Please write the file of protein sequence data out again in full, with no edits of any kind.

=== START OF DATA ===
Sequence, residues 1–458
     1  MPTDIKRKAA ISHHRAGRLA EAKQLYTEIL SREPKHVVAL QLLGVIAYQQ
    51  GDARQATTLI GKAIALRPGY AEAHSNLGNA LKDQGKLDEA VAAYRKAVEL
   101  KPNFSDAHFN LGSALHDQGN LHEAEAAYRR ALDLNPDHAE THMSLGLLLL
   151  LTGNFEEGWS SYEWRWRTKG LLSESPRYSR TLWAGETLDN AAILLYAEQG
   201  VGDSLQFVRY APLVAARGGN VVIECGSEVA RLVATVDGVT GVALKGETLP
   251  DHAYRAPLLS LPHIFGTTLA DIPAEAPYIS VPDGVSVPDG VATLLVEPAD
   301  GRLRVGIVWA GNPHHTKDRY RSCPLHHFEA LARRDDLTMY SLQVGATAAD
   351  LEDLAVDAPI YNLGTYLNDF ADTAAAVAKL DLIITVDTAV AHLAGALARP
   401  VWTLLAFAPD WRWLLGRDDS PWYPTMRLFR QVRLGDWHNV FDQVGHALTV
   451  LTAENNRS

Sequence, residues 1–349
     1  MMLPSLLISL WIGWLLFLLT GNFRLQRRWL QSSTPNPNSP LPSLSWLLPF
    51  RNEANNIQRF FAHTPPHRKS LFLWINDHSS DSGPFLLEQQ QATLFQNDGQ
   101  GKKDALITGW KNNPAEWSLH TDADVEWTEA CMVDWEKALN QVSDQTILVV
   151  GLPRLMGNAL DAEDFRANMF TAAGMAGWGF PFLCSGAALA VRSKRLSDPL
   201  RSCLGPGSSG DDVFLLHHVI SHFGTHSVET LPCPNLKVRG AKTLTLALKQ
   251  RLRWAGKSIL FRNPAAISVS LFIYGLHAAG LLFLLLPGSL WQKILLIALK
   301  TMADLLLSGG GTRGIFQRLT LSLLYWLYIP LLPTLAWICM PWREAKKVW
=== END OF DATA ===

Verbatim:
Sequence, residues 1–458
     1  MPTDIKRKAA ISHHRAGRLA EAKQLYTEIL SREPKHVVAL QLLGVIAYQQ
    51  GDARQATTLI GKAIALRPGY AEAHSNLGNA LKDQGKLDEA VAAYRKAVEL
   101  KPNFSDAHFN LGSALHDQGN LHEAEAAYRR ALDLNPDHAE THMSLGLLLL
   151  LTGNFEEGWS SYEWRWRTKG LLSESPRYSR TLWAGETLDN AAILLYAEQG
   201  VGDSLQFVRY APLVAARGGN VVIECGSEVA RLVATVDGVT GVALKGETLP
   251  DHAYRAPLLS LPHIFGTTLA DIPAEAPYIS VPDGVSVPDG VATLLVEPAD
   301  GRLRVGIVWA GNPHHTKDRY RSCPLHHFEA LARRDDLTMY SLQVGATAAD
   351  LEDLAVDAPI YNLGTYLNDF ADTAAAVAKL DLIITVDTAV AHLAGALARP
   401  VWTLLAFAPD WRWLLGRDDS PWYPTMRLFR QVRLGDWHNV FDQVGHALTV
   451  LTAENNRS

Sequence, residues 1–349
     1  MMLPSLLISL WIGWLLFLLT GNFRLQRRWL QSSTPNPNSP LPSLSWLLPF
    51  RNEANNIQRF FAHTPPHRKS LFLWINDHSS DSGPFLLEQQ QATLFQNDGQ
   101  GKKDALITGW KNNPAEWSLH TDADVEWTEA CMVDWEKALN QVSDQTILVV
   151  GLPRLMGNAL DAEDFRANMF TAAGMAGWGF PFLCSGAALA VRSKRLSDPL
   201  RSCLGPGSSG DDVFLLHHVI SHFGTHSVET LPCPNLKVRG AKTLTLALKQ
   251  RLRWAGKSIL FRNPAAISVS LFIYGLHAAG LLFLLLPGSL WQKILLIALK
   301  TMADLLLSGG GTRGIFQRLT LSLLYWLYIP LLPTLAWICM PWREAKKVW